U.S. Supreme Court to assess whether wife liable in bankruptcy for husband’s fraud

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A arrives at the U.S. Bankruptcy Court for the Southern District of New York in Manhattan, New York, U.S., January 9, 2020. REUTERS/Brendan McDermid

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  • Husband’s cheating on house sale could impact his bankrupt wife
  • Buyer says wife can’t avoid damage even though she didn’t know about fraud

(Reuters) – The U.S. Supreme Court on Monday agreed to hear a case to determine whether a bankrupt person is responsible for the fraud of her business partner – and husband – even though she was unaware actions of his partner.

California resident Kate Bartenwerfer has asked the High Court to overturn an August 9th ruling by the United States Circuit Court of Appeals that she cannot use bankruptcy to escape a judgment resulting from fraudulent omissions that her husband made when selling their house. The pair were business partners in addition to being married, having originally purchased the home with the intention of flipping it, according to court documents.

Bartenwerfer’s lawyers argued in his December speech petition for certiorari that the issue “potentially affects any joint transaction or venture that could be construed as a partnership, including transactions involving married people and couples, even the sale of a family home.”

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The dispute arose after a San Francisco homebuyer, Kieran Buckley, sued the Bartenwerfers, alleging they hid information about major defects and led him to believe the home was in “good condition. health,” Buckley’s attorneys said in court documents.

A lawyer for Buckley declined to comment.

The couple said Bartenwerfer had no way of knowing the house’s structural flaws, in part because the couple had not lived in the house in the months leading up to the sale.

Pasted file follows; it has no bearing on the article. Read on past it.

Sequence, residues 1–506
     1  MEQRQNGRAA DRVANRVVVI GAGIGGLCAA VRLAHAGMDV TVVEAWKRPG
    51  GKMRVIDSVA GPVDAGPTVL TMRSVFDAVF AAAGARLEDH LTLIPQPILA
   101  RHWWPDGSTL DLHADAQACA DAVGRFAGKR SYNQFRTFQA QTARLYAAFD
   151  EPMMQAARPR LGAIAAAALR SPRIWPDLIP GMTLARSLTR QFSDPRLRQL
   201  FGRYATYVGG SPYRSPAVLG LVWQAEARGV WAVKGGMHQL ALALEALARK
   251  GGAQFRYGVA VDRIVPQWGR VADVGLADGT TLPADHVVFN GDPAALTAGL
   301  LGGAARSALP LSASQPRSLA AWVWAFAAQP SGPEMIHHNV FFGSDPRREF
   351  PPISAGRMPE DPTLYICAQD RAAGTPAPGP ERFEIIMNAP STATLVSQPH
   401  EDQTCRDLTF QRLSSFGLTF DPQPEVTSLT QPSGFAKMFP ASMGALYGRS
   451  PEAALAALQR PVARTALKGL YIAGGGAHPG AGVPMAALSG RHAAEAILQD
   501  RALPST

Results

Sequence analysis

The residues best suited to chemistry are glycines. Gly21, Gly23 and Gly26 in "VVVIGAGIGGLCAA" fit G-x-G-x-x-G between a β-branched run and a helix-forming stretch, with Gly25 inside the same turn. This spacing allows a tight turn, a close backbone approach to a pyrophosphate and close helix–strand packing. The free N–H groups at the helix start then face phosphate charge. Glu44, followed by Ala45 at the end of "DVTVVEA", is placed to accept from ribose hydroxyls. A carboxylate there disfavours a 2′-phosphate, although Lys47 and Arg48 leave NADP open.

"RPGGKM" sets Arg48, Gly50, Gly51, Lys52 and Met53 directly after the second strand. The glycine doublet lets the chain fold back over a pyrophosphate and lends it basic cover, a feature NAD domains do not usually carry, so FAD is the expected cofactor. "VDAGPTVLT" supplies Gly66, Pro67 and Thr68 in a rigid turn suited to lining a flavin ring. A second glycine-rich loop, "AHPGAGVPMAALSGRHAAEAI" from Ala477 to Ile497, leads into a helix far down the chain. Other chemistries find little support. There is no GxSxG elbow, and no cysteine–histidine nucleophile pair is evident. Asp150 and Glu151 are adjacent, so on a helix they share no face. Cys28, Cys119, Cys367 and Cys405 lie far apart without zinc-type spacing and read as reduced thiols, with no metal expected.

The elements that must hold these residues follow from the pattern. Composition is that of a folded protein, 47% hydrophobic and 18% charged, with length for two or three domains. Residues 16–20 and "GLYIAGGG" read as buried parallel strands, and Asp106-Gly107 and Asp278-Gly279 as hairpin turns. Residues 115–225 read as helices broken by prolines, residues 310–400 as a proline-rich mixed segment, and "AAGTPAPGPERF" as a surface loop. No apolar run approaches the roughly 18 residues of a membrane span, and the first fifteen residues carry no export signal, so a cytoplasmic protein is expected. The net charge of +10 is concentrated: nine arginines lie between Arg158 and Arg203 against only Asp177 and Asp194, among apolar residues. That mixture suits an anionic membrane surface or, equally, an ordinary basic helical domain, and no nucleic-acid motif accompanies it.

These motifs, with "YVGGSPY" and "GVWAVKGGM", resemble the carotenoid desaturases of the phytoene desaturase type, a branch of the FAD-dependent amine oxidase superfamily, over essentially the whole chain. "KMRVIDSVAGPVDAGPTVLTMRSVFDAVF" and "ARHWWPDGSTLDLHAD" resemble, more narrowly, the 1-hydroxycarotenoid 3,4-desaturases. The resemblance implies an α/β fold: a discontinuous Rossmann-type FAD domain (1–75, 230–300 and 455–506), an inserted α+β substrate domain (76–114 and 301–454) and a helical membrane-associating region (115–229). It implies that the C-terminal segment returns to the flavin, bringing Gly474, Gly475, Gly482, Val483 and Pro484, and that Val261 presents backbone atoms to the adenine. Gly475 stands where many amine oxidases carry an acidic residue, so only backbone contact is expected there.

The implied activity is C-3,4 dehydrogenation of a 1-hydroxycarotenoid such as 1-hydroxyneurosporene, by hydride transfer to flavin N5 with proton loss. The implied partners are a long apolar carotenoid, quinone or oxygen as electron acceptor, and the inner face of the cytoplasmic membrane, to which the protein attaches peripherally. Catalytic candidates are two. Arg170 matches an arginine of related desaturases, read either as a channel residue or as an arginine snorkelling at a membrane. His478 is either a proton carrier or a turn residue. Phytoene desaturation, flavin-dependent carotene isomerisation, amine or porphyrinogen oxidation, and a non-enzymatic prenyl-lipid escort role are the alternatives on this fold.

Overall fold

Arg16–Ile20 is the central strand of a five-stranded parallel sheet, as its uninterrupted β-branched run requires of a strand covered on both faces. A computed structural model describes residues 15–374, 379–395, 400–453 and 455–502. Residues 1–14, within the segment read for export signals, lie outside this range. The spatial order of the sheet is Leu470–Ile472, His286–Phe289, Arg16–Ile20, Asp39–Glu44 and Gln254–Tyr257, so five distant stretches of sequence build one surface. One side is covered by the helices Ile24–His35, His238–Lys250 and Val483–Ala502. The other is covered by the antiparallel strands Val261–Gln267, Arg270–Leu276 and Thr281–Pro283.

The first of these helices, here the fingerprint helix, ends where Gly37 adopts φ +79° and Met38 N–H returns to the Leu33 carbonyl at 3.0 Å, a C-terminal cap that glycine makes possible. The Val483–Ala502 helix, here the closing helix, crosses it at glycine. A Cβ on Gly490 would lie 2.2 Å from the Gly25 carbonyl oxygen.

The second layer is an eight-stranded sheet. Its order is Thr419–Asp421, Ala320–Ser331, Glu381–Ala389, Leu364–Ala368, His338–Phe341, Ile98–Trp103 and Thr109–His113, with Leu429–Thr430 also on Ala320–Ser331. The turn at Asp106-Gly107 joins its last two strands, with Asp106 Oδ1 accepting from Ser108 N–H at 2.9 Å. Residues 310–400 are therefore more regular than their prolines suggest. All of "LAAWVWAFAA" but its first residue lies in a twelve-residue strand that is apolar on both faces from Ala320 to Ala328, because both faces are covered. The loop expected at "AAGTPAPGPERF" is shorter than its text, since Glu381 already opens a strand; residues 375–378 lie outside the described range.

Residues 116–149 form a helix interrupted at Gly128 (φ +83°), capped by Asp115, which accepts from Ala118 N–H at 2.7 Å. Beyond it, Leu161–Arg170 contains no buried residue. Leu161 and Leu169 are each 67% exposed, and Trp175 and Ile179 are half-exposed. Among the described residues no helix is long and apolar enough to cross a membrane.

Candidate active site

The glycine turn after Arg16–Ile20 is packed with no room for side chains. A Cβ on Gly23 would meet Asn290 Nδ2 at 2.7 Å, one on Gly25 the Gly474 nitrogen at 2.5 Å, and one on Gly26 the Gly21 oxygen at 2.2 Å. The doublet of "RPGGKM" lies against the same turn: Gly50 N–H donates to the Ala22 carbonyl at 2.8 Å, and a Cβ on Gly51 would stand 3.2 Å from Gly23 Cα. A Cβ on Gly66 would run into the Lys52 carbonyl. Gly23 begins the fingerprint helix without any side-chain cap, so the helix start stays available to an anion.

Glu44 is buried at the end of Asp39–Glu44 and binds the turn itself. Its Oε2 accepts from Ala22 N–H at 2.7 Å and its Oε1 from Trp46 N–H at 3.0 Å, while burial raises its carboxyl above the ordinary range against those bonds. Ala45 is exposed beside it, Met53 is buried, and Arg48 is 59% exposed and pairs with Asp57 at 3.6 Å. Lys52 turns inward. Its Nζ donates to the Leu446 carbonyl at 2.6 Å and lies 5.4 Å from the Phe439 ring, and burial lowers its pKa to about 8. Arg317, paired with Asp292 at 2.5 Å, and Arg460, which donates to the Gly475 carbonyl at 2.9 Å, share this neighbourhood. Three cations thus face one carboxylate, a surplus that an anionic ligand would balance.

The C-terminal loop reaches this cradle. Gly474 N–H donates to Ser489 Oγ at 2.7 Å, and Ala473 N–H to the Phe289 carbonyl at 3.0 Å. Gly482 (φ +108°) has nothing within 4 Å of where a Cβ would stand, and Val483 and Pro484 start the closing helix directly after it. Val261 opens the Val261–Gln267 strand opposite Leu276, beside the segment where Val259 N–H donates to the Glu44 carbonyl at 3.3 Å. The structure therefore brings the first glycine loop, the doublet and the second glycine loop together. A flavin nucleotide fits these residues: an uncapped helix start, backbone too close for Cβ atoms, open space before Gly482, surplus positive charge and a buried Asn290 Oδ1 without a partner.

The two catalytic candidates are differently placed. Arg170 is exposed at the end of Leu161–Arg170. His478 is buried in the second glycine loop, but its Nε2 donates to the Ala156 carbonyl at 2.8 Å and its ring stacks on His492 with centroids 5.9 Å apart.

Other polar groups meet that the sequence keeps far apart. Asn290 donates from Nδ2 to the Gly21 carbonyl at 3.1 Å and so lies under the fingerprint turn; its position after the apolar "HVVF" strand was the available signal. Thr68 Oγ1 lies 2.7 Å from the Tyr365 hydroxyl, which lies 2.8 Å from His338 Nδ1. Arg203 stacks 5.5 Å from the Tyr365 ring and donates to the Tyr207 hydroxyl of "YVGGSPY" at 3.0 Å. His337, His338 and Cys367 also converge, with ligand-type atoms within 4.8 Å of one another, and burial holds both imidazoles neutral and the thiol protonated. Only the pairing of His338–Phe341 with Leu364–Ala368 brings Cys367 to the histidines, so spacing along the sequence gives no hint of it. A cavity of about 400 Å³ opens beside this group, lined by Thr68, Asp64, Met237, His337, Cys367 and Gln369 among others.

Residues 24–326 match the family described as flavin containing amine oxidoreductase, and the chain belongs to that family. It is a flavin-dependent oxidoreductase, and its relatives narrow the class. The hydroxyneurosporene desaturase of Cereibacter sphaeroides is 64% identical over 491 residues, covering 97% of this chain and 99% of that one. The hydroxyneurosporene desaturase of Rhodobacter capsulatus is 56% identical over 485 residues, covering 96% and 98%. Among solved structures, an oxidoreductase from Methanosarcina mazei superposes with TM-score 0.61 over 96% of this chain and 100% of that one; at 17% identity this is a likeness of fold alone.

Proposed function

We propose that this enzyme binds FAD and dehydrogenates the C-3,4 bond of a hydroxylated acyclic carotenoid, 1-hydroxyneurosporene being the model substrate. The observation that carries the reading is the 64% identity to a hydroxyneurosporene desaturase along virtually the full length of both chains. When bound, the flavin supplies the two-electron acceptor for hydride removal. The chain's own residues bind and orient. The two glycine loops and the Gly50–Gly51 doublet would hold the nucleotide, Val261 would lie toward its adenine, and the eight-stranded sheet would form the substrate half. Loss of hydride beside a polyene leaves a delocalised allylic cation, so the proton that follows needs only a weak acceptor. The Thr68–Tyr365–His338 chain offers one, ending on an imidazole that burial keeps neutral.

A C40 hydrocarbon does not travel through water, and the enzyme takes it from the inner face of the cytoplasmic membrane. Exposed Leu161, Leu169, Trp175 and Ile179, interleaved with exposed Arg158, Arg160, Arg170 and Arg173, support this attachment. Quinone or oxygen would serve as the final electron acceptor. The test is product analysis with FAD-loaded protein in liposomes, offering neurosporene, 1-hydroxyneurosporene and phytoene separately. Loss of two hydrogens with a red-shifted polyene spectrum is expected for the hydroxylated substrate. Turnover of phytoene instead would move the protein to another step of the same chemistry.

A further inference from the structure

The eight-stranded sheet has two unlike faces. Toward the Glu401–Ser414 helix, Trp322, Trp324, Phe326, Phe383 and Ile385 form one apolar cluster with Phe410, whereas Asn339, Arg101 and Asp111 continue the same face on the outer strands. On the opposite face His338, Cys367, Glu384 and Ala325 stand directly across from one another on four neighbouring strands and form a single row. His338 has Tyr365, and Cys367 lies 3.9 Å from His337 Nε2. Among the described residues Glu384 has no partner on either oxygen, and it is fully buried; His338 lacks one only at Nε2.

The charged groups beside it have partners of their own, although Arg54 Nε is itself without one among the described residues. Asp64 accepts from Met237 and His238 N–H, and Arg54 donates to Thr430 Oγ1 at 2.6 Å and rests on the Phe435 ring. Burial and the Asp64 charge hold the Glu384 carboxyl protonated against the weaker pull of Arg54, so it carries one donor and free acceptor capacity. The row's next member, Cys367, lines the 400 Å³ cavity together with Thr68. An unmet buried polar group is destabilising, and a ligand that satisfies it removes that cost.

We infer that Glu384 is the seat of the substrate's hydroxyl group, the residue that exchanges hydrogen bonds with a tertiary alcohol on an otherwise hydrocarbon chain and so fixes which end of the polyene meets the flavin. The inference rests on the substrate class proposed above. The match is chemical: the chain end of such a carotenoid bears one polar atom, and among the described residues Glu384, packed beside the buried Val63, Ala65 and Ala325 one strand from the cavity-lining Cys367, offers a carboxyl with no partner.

After a California jury returned a verdict in Buckley’s favor in 2012, awarding him more than $600,000 in damages and attorneys’ fees, the couple jointly filed for bankruptcy.

While bankruptcy is generally used to clear debts, those resulting from fraudulent activity cannot be discharged through bankruptcy proceedings.

The 9th Circuit ruled in August that Bartenwerfer could not discharge damages “regardless of his knowledge of the fraud.” The court relied on the 1885 Supreme Court decision in Strang v. Bradner, that a person cannot escape a monetary judgment based on the fact that it was incurred by the actions of his business partner without his knowledge.

Bartenwerfer appealed to the Supreme Court, arguing that the court should take the case to resolve a circuit split. While the 9th Circuit’s decision was consistent with the 5th and 11th Circuits’ decisions, the 7th and 8th Circuits concluded that a debtor must have some knowledge of his partner’s fraudulent activity to be held liable.

The case is Bartenwerfer v. Buckley, United States Supreme Court, No. 21-908.

For Bartenwerfer: Iain Macdonald and Reno Fernandez of Macdonald Fernandez

For Buckley: Zachary Tripp of Weil Gotshal & Manges; and Janet Marie Brayer of the Law Offices of Janet Brayer

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